Date of Award




Document Type


Degree Name

Doctor of Philosophy (PhD)


Department of Nanoscale Science and Engineering


Nanoscale Sciences

Content Description

1 online resources (xvi, 120 pages) : illustrations (some color)

Dissertation/Thesis Chair

Bradley L Thiel

Committee Members

Serge R Oktyabrsky, John G Hartley, András E Vladár, Milos Toth


cd metrology, low vacuum SEM, noise, optimization, signal, Scanning electron microscopy, Vacuum technology

Subject Categories

Nanoscience and Nanotechnology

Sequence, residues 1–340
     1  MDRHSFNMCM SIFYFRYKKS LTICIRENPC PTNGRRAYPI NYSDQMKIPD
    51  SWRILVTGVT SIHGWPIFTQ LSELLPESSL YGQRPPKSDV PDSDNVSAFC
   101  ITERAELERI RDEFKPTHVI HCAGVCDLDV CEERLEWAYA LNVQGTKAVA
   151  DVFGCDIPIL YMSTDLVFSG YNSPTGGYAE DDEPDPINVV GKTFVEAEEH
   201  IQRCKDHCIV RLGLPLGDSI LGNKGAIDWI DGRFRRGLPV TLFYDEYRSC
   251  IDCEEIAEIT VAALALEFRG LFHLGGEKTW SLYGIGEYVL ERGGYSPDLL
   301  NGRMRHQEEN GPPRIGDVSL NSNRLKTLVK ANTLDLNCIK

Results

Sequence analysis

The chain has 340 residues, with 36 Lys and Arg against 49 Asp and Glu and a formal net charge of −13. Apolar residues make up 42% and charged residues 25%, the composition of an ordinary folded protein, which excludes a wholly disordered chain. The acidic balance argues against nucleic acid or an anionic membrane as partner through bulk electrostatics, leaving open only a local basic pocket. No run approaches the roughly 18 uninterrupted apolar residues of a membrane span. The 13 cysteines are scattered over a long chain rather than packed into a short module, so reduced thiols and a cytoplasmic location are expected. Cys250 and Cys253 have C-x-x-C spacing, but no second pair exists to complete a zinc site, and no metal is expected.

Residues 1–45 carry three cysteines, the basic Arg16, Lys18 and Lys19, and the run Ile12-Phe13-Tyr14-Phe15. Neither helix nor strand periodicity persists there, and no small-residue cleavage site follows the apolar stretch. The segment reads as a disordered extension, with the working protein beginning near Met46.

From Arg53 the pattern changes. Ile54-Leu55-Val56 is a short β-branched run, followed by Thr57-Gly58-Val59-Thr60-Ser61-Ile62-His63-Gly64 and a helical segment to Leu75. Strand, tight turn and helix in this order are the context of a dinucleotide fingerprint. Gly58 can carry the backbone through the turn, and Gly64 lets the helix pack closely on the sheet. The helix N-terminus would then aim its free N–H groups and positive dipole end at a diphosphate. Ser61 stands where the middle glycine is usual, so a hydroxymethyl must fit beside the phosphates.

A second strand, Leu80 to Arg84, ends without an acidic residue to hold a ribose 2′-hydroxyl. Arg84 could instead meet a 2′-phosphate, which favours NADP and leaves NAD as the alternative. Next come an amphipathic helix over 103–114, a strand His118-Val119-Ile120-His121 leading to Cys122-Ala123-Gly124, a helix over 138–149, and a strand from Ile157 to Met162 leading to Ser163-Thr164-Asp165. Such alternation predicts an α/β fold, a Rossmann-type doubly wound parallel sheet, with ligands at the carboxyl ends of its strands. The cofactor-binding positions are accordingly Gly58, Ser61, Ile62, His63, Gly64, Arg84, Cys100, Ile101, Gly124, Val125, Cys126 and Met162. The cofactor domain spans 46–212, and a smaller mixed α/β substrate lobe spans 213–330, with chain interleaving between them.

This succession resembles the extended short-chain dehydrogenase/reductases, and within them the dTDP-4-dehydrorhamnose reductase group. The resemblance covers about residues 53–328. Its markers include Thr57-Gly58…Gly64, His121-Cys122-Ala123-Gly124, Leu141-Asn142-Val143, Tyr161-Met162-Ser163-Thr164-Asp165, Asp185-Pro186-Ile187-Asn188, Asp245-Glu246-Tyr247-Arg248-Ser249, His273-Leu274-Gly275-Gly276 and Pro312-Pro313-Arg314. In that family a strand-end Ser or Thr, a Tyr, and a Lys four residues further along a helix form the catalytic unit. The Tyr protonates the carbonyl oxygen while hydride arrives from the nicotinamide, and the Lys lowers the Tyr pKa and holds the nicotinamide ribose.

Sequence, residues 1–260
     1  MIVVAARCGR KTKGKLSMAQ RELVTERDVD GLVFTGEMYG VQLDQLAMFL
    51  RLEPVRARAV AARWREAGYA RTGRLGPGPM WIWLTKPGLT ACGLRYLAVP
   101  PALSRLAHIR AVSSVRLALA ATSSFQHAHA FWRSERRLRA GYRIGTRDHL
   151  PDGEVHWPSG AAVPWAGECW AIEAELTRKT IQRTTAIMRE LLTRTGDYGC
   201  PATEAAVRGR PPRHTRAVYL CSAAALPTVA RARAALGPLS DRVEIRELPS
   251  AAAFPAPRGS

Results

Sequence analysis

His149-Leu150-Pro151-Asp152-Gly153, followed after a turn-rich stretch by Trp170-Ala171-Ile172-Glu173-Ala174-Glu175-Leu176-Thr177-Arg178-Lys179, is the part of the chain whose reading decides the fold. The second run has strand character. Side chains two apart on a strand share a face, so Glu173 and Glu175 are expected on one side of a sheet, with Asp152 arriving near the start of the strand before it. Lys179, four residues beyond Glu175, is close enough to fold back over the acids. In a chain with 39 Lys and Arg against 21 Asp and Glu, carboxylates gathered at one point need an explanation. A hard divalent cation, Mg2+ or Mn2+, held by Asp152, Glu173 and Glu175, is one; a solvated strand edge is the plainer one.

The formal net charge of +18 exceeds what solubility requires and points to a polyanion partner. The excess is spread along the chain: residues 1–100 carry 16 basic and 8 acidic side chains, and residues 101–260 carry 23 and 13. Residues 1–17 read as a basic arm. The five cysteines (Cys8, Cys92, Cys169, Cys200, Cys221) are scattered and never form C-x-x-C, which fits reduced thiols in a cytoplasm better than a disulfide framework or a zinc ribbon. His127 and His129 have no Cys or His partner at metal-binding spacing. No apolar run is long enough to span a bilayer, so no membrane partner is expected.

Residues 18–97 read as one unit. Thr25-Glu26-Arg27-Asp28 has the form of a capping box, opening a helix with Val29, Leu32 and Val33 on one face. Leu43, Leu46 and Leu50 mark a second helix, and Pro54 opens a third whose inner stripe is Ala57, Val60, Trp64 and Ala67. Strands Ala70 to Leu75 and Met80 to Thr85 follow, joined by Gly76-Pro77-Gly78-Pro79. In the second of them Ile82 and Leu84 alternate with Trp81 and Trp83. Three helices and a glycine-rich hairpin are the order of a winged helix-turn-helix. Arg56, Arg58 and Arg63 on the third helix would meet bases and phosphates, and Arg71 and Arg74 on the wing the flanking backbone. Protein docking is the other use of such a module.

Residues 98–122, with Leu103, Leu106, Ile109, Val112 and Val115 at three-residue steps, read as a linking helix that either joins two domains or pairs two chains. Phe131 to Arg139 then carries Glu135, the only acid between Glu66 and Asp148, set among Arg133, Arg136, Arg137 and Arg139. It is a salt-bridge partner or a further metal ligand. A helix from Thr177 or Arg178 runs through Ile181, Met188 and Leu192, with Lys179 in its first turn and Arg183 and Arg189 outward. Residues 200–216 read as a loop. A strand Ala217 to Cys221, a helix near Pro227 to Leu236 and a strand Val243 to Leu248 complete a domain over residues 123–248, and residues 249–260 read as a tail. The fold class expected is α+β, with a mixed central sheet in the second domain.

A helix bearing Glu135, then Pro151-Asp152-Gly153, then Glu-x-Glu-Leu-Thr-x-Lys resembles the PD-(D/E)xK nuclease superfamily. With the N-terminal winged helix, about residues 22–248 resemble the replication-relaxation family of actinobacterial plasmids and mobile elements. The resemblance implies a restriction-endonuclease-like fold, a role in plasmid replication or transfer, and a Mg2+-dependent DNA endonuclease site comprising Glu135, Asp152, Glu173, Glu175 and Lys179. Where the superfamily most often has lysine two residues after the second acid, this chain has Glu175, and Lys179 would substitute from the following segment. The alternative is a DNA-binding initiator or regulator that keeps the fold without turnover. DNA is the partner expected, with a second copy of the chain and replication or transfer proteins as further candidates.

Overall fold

Low vacuum scanning electron microscopy (LVSEM) is proposed and evaluated for next generation Critical Dimension (CD) metrology. Its ability to control charging artifacts and hydrocarbon contamination in order to obtain high signal-to-noise ratio, high resolution image data from insulating materials make the technology an excellent match for the increased use of high-k dielectrics and shrinking feature size in the semiconductor industry. The presence of a gas in the LVSEM chamber means that the probe characteristics and secondary electron amplification, detection, and signal-to-noise ratio differ significantly from conventional high vacuum tools. In order for low vacuum CD approaches to be viable, all of the processes must be understood and described to the degree of accuracy currently available on high vacuum systems. Consequently, the focus of this thesis is to determine an analytic form of the signal-to-noise ratio for two detector configurations: the simplified steady-state cascade system operating in the well defined Townsend's discharge region, and the high resolution, low vacuum immersion lens secondary electron detector, for which the physical amplification process has not been studied in the past. A physically realistic and ultimately predictive model, which could potentially be incorporated in CD simulation codes such as NIST's MONSEL, is developed. Its effectiveness is verified with experimental data acquired as a function of gas pressure for all important operating parameters, such as electron beam energy and current, detector bias, cascade distance, and gas type, and its capability for optimization of the imaging conditions is discussed. Noise characteristics are also analyzed using Monte Carlo gain histograms and pure statistical methods.